Demo Data for fun and profit

See  OLMIS-4658 - Getting issue details... STATUS (and OLMIS-4493 - Getting issue details... STATUS ) for background.

NOTE: When demo data is mentioned, this does not just include data for demos, but also includes data for testing and performance data for testing on large datasets. All of this is called "demo data".

Demo Data Strategy

Data Generation vs. Loading

There are two aspects to demo data: acquiring data (either by generating it or extracting it from another system) and loading it into a demo/test system. Some approaches handle both parts, while others handle only one and need to be paired with other strategies/tools in order to encompass the whole process.

Revisiting Existing Research on Demo Data

The Demo Data Loading Approach document did some research on possible approaches to demo data. Some thoughts:

  • Even though the matrix shows three options, the third option is essentially a much more preferable option to the first option. So there are essentially two options.
  • Both viable options (RefData seed tool and performance data loading mechanism) simply handle only the data loading aspect; both assume that data has already been acquired and put into CSV format.
  • Both options were not researched and tested with large demo datasets. Some quick research done recently seems to indicate that neither will be performant on loading large datasets.
    • The comments section shows that the seed tool will most likely be slow since it does not load data to the database directly, but through APIs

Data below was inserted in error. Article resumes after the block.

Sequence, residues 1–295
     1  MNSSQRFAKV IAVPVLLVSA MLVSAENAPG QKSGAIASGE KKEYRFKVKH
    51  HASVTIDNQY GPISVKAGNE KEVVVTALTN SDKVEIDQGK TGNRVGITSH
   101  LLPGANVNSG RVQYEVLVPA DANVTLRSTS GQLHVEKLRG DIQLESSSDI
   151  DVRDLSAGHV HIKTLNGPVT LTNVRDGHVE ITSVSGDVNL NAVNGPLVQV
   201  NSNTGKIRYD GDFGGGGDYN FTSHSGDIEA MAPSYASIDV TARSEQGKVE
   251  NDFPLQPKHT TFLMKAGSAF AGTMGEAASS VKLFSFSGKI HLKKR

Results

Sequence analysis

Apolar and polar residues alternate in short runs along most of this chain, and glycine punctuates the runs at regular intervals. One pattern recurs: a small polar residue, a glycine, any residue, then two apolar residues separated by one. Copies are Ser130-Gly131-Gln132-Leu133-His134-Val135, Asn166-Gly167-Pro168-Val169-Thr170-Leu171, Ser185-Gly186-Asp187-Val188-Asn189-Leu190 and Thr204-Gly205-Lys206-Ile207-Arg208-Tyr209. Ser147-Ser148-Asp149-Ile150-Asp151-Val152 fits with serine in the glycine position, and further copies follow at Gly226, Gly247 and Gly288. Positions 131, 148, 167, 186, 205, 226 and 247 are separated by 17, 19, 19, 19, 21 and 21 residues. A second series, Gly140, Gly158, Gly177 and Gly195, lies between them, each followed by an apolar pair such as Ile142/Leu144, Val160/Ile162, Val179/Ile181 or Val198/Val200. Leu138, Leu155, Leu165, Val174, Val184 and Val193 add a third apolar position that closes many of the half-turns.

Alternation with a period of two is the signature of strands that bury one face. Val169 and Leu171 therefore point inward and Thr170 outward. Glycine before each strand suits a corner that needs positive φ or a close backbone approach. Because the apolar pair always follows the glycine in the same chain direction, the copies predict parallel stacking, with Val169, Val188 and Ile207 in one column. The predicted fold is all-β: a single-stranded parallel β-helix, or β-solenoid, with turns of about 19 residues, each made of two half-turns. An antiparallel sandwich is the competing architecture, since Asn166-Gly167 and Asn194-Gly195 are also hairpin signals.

• Recent testing in stock management indicates loading half a million stock card line items took around 20 minutes for a local instance of stock management and Postgres

Options for Demo Data Generation

  • Mockaroo - can quickly and fairly easily generate demo data. Strong in generic data, which is fine for testing, but not as useful for demo-able data. Our account is limited in how much can be generated manually (100,000 rows at a time), so if we wanted more, we would need to automate generation through the APIs. Output is CSVs stored somewhere for Demo Data Loading.
  • Nifi - most promising. It can work with Mockaroo to get generated data, but can also acquire data through other sources (like an existing demo system); both in an automated fashion. Output could either be CSVs stored somewhere, or no output if Nifi is used for loading ("one-stop shopping"), meaning Nifi's output here would be input for itself to load into a demo database.

Options for Demo Data Loading

  • RefData seed tool - potential with some work, but the biggest issue seems to be performance. With large datasets to load, it is likely to take too long to load, since we are hitting the OpenLMIS APIs to load data.
  • Performance Data loading mechanism - potential, but the biggest issue still seems to be performance, based on some tests. It is using JDBC instead of APIs, so it should be faster, but the inserts may take a long time.
  • Nifi - possible but seems like it requires some effort, as there is no simple mechanism to load templates and run processors on Nifi startup. Seems like it would need to be done with scripts that call Nifi APIs. Some work would also be required to create the templates.
  • SQL direct loading - using Postgres SQL to ingest CSV files directly when deploying. For ref-distro, this could be extending the Postgres image to include SQL scripts and CSV files. For test servers, this could be using run-sql image to execute volume mounted SQL scripts with CSV files.

Recommended Strategy

For generating data, there aren't really multiple options; we would use Nifi with Mockaroo. Mockaroo can be used to quickly generate "mock data" (data that does not need much meaning), and Nifi can be used to extract more meaningful data.

For loading data, based on performance (and data size) considerations, it is recommended to use SQL direct loading for very large datasets with Perf Data loading for all other datasets, based on performance challenges for the RefData seed tool and perf data loading, and other considerations for Nifi.